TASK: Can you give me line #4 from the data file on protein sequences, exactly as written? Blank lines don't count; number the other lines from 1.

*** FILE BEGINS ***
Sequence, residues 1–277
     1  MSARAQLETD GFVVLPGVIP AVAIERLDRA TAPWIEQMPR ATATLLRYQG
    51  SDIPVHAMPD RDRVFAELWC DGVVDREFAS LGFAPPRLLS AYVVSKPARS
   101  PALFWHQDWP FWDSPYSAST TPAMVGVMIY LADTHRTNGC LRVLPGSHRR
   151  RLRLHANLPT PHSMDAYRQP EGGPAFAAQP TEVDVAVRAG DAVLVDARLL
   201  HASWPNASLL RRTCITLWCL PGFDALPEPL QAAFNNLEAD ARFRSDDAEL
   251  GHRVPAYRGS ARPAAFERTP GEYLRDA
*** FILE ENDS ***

   101  PALFWHQDWP FWDSPYSAST TPAMVGVMIY LADTHRTNGC LRVLPGSHRR